Tuesday, 11 January 2011


Water can add a great deal to a picture. The perfect reflections of a pond or still stream, the violence of a winter sea storm, or a spectacular waterfall can all contribute to the feeling of place conveyed in an image.

This first picture (rescued from tobacco excess) features a land drain on the Kennet flood plain at Hampstead Marshall. This was taken just before dawn at about 5 am on a lovely still day.

Continuing the dawn and still water theme. This is the ford over the river Pang at Bucklebury in West Berkshire. These days the Pang is generally dry in the summer but I was fortunate to find the ford full and undisturbed.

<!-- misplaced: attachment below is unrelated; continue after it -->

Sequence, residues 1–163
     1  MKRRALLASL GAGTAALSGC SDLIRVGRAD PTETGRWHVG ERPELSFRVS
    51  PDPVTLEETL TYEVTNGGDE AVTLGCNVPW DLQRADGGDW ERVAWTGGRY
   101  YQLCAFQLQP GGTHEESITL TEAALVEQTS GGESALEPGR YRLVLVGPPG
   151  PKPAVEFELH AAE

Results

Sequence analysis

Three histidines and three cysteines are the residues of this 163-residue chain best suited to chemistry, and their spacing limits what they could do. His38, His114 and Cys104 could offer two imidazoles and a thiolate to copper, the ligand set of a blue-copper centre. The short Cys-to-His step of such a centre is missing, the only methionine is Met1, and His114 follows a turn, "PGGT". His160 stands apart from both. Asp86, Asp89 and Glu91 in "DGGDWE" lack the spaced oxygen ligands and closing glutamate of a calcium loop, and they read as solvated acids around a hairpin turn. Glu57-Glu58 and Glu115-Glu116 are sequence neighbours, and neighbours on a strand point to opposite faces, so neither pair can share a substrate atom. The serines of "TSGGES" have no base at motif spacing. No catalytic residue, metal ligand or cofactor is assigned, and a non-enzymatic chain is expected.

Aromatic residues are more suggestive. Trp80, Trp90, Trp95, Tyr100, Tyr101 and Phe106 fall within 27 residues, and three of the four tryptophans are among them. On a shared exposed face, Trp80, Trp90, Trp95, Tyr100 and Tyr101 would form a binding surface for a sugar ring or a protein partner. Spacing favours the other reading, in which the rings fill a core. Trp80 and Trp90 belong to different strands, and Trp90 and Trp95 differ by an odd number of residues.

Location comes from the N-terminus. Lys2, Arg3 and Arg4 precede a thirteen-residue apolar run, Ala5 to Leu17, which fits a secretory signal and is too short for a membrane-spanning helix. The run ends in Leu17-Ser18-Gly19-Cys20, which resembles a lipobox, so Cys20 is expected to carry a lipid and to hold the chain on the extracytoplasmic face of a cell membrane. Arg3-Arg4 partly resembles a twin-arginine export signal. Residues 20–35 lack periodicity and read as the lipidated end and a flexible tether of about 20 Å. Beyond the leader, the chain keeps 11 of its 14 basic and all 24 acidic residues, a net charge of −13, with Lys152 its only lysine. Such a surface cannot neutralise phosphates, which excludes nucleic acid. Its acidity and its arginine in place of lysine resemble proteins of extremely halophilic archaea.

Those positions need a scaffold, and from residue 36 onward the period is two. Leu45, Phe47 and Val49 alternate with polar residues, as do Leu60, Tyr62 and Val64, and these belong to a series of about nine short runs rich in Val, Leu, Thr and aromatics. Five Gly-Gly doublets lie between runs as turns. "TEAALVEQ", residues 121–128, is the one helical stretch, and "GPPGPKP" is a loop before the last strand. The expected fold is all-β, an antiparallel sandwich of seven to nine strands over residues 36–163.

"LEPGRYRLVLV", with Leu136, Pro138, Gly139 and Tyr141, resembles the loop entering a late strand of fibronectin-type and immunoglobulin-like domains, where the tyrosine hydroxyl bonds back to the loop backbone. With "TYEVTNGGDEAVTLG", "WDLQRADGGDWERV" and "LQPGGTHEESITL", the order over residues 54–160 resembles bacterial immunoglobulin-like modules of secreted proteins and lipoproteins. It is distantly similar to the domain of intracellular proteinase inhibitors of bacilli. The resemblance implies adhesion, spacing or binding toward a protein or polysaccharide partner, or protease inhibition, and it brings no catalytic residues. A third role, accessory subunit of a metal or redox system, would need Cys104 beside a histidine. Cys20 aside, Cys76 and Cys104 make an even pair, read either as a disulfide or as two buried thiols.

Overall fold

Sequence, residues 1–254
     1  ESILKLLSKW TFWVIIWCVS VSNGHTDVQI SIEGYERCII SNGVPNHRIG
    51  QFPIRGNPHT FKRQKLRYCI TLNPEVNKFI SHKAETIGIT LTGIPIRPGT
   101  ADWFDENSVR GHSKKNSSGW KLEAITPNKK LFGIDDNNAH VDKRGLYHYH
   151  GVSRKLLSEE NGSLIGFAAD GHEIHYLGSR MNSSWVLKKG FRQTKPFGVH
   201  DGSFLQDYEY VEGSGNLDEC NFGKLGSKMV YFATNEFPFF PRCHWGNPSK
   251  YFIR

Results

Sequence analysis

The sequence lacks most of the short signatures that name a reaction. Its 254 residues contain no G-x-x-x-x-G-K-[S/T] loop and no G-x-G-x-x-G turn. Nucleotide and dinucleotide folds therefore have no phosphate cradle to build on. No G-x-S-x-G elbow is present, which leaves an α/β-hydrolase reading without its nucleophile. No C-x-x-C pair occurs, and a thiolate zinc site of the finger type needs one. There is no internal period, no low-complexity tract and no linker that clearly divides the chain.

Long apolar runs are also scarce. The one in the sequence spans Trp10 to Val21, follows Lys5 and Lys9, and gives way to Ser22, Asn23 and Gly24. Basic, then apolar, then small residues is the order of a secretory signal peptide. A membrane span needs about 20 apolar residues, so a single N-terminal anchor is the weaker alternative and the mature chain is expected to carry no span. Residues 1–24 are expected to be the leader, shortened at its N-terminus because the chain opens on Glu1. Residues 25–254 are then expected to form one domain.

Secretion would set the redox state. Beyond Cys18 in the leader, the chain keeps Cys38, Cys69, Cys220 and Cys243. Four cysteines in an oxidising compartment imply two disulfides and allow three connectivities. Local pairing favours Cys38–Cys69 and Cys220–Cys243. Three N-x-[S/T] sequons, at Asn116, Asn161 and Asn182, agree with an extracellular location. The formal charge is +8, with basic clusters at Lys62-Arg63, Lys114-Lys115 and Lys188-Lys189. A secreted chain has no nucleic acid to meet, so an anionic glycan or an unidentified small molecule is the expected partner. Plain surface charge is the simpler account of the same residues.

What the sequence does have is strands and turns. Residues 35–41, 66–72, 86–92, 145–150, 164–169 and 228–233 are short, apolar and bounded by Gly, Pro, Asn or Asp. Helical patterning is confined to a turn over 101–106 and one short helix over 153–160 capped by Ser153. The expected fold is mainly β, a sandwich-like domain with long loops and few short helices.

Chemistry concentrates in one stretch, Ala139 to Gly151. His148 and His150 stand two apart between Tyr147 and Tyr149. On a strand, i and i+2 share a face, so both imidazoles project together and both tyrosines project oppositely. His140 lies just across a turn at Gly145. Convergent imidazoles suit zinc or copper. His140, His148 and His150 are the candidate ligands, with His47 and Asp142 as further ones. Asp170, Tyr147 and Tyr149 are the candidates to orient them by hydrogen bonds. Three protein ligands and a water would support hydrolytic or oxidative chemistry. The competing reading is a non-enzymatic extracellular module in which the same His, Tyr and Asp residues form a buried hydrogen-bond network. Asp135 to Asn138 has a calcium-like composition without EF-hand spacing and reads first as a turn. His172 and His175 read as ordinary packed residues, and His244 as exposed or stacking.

This classic small waterfall picture shows the river Swale below the bridge at Richmond, North Yorkshire. I used the conventional tripod and long exposure method to create the smooth look to the brackish water that drains the Dales above.

Higher up into the dales we have the Old Gang Lead Mine in Swaledale. Here the remains of our industrial heritage jostle with a moorland stream and the rocky spoil tips. The peat stained water starts its long journey to the sea.

All of these images were scanned from old Provia slides recently

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